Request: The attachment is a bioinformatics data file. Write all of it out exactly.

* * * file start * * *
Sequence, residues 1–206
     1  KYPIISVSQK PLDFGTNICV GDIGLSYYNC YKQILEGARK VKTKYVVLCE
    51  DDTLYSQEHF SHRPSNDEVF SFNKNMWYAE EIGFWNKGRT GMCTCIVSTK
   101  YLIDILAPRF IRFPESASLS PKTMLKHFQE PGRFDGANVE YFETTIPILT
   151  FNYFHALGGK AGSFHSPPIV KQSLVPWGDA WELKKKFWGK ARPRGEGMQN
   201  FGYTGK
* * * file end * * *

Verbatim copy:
Sequence, residues 1–206
     1  KYPIISVSQK PLDFGTNICV GDIGLSYYNC YKQILEGARK VKTKYVVLCE
    51  DDTLYSQEHF SHRPSNDEVF SFNKNMWYAE EIGFWNKGRT GMCTCIVSTK
   101  YLIDILAPRF IRFPESASLS PKTMLKHFQE PGRFDGANVE YFETTIPILT
   151  FNYFHALGGK AGSFHSPPIV KQSLVPWGDA WELKKKFWGK ARPRGEGMQN
   201  FGYTGK